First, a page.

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How Sexual Double Standards in Pop Culture Shape Teens’ Ideas About Gender, Sexuality

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May 24, 2022

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The depiction of sexuality and sexual relationships in pop culture has always been problematic — if not downright flawed. Among its many issues, lies one of sexual double standards — basically, men and women not only being expected to perform different sexual roles, but also berated for deviating from such diktats. According to a new study, such portrayal isn’t harmless simply because it’s fiction; its very real impact on reality manifests in the form of shaping teenagers’ views on gender and sexuality.

“Since peers, parents, and the media are main sources of socialization for teens, the researchers investigated how the portrayal of sexual double standards by each of these sources might influence teens’ expectations of male and female sexual behavior,” notes a media report on the paper.

Published in Archives of Sexual Behavior, the study based its findings on the responses of 566 school students between the ages of 16 and 20 from the Netherlands. The participants were quizzed on their exposure to sexualization in pop culture — be it through social media, music videos, reality shows, or even online pornography. They also answered questions about their parents’ and families’ sexual views, and the sexual behaviors of their peers.

The researchers found that when adolescents were exposed to more sexual double standards in the media, they were more prone to supporting traditional gender roles in the realm of sexual behavior — like expecting men to be sexually dominant, and women to be sexually submissive; generally, outside their meanings in the BDSM context.


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Explaining the kind of sexual double standards prevalent in media, the study material for a course exploring media’s influence on sexuality notes, “Often, sexuality in pop culture portrays wom[e]en as submissive to men or inferior to men. This is where the idea of a sex object comes in. Women are portrayed simply as objects for consumption as opposed to individuals with agency… [They] are valued for their sexuality, which refers to how attractive a woman is, how desirable she is in the eyes of a man, and how she relates to men.”

In other words, pop culture often endorses the norm of men being the sexual pursuers while expecting women to do nothing but react to such pursuit — women taking the initiative by making sexual advances opposes this traditional view. This begs the question, though: what about non-heterosexual relationships, or people on the asexuality spectrum? Evidently, not only do the sexual double standards lead to women being shamed for the very same things men are hailed and congratulated for, but they also fail to depict non-heterosexual relationships.

On the one hand, the latter is, perhaps, for the better since the “manuals of sexual behavior,” so to speak, are quite obviously harmful. But on the other hand, research has shown that non-LGBTQ+ people exposed to LGBTQ+-depiction in media became almost 50% more accepting of the community than responders who had not seen them represented in the media. Given just how many hate crimes lack of acceptance can perpetuate, more — and better — representation appears to be a powerful tool. Unfortunately, though, it’s still largely lacking.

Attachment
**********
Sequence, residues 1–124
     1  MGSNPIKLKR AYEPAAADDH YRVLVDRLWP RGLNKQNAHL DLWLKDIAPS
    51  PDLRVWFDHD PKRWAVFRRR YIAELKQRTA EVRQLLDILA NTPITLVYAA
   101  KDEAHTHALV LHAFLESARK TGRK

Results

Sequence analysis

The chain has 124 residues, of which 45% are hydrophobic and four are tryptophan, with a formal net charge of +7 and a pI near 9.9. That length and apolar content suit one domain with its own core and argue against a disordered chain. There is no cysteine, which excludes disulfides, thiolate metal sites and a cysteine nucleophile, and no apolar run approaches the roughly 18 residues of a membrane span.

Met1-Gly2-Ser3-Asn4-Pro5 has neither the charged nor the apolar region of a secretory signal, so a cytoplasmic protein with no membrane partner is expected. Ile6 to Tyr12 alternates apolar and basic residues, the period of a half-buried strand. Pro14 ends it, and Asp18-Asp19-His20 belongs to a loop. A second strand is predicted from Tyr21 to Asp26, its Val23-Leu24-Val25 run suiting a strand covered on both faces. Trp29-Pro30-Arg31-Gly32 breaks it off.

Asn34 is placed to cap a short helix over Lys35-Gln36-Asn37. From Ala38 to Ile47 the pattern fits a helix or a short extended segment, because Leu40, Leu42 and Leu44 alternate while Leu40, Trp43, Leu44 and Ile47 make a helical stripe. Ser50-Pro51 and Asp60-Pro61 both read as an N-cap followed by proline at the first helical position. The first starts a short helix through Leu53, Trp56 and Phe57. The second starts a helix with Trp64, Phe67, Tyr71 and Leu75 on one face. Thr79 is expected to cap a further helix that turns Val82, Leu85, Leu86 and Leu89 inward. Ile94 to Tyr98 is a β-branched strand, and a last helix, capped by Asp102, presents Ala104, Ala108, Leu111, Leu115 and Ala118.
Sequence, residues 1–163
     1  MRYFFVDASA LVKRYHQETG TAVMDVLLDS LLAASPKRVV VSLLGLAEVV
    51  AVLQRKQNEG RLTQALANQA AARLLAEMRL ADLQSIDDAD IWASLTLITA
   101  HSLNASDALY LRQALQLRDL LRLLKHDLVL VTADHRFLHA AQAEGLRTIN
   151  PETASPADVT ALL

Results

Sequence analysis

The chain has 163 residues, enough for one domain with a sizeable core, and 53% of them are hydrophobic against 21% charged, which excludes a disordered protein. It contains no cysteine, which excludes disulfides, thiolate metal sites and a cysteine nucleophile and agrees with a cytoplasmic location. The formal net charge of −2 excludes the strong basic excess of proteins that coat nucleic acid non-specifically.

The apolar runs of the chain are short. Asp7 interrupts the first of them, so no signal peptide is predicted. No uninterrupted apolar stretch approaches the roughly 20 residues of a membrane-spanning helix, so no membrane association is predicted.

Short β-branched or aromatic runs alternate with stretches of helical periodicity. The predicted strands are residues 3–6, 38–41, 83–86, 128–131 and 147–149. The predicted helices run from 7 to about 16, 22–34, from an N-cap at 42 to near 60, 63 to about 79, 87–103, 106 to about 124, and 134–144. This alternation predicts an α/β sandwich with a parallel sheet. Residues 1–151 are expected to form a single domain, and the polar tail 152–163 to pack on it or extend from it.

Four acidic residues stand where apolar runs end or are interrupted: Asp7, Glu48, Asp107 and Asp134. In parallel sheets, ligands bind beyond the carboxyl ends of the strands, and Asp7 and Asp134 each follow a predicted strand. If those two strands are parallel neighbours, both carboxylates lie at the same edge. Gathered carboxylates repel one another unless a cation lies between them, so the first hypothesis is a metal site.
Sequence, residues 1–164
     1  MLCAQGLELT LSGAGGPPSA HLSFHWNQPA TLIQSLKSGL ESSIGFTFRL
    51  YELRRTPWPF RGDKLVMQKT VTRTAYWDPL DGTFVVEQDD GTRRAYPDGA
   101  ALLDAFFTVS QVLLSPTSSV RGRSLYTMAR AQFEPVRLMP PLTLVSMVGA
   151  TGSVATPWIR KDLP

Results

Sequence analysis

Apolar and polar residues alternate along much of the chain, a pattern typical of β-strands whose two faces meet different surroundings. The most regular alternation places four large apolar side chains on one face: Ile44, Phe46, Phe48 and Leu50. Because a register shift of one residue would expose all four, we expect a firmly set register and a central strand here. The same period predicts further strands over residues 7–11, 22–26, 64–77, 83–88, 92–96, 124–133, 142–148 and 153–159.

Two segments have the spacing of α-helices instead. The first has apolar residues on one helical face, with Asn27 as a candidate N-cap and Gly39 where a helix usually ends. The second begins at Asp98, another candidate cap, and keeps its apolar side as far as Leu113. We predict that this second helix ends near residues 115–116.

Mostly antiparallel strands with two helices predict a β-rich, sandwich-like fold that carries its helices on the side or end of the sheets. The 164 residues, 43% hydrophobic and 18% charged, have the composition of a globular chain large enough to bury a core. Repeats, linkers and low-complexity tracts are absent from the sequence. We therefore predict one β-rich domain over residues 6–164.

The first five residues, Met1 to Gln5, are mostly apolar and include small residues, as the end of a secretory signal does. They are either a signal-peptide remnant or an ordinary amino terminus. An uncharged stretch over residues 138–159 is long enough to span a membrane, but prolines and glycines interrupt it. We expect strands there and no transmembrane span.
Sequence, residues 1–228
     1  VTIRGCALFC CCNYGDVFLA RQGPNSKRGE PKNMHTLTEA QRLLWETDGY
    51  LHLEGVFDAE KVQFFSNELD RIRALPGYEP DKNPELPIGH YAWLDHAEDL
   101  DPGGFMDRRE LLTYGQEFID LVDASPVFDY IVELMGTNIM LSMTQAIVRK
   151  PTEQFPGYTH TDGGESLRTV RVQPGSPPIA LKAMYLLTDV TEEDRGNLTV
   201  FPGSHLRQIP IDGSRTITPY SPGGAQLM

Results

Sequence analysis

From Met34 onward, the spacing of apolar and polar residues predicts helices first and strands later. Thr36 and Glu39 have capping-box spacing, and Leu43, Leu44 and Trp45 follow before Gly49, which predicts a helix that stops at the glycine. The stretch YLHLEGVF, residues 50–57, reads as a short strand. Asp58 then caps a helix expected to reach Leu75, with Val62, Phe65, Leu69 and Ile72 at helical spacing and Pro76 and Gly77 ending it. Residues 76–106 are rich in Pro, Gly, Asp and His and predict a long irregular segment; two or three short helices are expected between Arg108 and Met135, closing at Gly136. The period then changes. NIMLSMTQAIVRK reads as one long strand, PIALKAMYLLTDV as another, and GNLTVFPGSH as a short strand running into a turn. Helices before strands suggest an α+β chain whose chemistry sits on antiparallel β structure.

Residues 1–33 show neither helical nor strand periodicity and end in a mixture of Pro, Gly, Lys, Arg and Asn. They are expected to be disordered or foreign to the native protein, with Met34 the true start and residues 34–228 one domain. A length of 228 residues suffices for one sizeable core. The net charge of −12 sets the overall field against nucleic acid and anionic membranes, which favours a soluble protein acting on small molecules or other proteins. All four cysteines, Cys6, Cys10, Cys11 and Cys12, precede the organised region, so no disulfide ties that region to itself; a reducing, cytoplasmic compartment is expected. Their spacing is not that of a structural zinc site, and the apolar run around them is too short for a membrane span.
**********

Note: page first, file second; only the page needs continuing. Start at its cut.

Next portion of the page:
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Thankfully, however, media wasn’t the only instrument molding teenagers’ views around sexuality; their peers’ behavior had a pertinent role to play too. If teenagers were part of a group with many sexually active female peers, they were less likely to endorse traditional sexual standards. The sexual activity of male peers didn’t appear to have an impact.

“[W]hen adolescents perceived their female peers to be highly sexually active this was associated with less adherence to [sexual double standards’] norms in adolescents, probably because this peer context was incongruent with the social norm,” noted Joyce J. Endendijk, lead author of the paper, who specializes in child and adolescent studies at Utrecht University. She added that when “peers and the media convey messages that high sexual activity and sexual dominance is approved more for boys than for girls, this was associated with more adherence to [sexual double standards’] norms in adolescents.”

Interestingly, though, the views of parents and families on sexuality didn’t appear to have as much of an influence on teenagers’ views on the subject. “Parents appear to be less important socializers of the SDS in adolescents,” Endendijk said.

Given that we can’t — and shouldn’t — control how sexually active one’s peer group choose to be, perhaps, it’s time for popular media to take responsibility for peddling toxic ideas that do nothing other than maintain the status quo of toxic masculinity.

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Written By Devrupa Rakshit

Devrupa Rakshit is an Associate Editor at The Swaddle. She is a lawyer by education, a poet by accident, and a painter by shaukh. She has her own podcast called #DateNightsWithD on Spotify. You can find her on Instagram @devruparakshit.

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